The Cubs have made some mistakes with signing closers in recent years.
At least they were able to admit a mistake with one Tuesday and move on.
Jose Veras is out after two unproductive months. The Cubs designated him for assignment as they welcomed current closer Hector Rondon back from paternity leave.
The 33-year-old Veras was 0-1 with an 8.10 ERA and a high WHIP of 1.73. The Cubs signed him this past off-season to a deal worth $4 million.
Instead of keeping him on the roster and sending out a productive young pitcher such as Neil Ramirez or Brian Schlitter, the Cubs took the hit and cut Veras.
The Cubs got good work from their young relievers Tuesday night in a 2-1 victory over the New York Mets at Wrigley Field. Nate Schierholtz hit a game-winning single to the right-field wall in the ninth to end the game. In the eighth, Chris Coghlan tied the game at 1-1 with his first homer of the season.
"I don't know if it's a message," general manager Jed Hoyer said of the Veras decision. "I think you're disappointed whenever you sign a free agent, bring in a veteran, and it didn't work out. When we sat down and made the decision, ultimately we've had a lot of young guys who are playing well in important, leveraged situations, and we want to just stick with those guys for right now.
"It's never a fun thing to have to do, but I think we felt it was the right thing given how Schlitter and Ramirez (have pitched), and now with (Pedro) Strop back and Rondon, we felt good about those guys, and we'll go forward with those guys."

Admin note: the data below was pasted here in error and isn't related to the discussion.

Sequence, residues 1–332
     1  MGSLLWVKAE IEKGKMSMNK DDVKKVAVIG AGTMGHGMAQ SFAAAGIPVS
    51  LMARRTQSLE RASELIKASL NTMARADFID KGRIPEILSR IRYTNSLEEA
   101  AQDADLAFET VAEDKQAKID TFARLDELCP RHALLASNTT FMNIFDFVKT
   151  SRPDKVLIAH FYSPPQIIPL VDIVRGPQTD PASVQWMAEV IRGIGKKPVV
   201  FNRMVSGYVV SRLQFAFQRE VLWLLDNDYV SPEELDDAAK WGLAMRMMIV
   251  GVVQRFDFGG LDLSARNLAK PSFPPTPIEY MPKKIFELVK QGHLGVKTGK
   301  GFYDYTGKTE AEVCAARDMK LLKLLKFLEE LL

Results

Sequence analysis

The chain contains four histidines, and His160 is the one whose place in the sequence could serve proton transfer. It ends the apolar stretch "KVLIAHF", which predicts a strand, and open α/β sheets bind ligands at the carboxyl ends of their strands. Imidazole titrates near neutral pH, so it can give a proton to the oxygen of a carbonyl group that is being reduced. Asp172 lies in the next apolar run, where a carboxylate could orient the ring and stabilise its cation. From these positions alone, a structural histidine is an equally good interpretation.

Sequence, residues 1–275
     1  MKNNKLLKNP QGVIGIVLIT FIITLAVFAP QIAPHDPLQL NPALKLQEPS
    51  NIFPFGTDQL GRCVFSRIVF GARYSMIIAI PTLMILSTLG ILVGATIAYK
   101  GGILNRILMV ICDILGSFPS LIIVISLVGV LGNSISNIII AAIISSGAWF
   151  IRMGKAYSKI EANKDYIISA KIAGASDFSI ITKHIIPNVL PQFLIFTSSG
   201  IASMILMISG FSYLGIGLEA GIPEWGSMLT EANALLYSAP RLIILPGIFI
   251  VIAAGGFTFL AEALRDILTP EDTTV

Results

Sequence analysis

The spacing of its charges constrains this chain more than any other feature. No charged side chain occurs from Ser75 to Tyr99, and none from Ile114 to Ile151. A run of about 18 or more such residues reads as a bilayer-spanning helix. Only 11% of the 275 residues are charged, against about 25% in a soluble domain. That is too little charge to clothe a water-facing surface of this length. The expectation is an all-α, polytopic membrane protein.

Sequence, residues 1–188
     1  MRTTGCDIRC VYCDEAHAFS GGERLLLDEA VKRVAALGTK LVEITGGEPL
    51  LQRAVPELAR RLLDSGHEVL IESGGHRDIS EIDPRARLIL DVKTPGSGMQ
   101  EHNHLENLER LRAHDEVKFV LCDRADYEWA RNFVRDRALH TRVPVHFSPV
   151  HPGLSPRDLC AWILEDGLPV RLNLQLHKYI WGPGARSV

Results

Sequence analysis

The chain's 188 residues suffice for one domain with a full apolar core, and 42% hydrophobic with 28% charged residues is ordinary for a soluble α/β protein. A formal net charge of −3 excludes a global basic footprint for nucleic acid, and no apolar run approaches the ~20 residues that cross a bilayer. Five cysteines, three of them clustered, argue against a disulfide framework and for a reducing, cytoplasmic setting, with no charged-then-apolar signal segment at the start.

Hoyer and team President Theo Epstein are finding out the hard way that it's easier and cheaper to develop your own closer rather than dish out big bucks to older relievers, especially when you have a team that's going nowhere in the standings.
Before the 2013 season, Epstein and Hoyer signed Japanese reliever Kyuji Fujikawa to a two-year deal worth $9.5 million. Fujikawa took over early last year for failed closer Carlos Marmol (who was developed from within by the previous regime) but soon came down with elbow problems and had Tommy John surgery. He is rehabbing in Arizona, and there is no timetable for his return.
Ramirez, who throws hard, has been impressive since his call-up from Class AAA Iowa in late April. Schlitter, a Park Ridge resident, came on in relief of Tuesday's starter, Jake Arrieta, and got out of a jam in the fifth inning.
After pitching a scoreless sixth, Schlitter gave way to James Russell, who also worked 1⅓ scoreless innings.
Ramirez came on in the eighth and got two outs. Rondon got the victory with a scoreless ninth inning.
"I think the organization has seen that these guys have stepped up and done a nice job," manager Rick Renteria said. "Maybe it sends two different messages.
"One is, 'You guys have done a nice job and we want to go with you.' With Jose, he kept working and kept battling back. He did a nice job the last couple of outings that he had, but the organization felt right now that these guys are throwing well enough to go ahead and give them an opportunity to grow and to learn."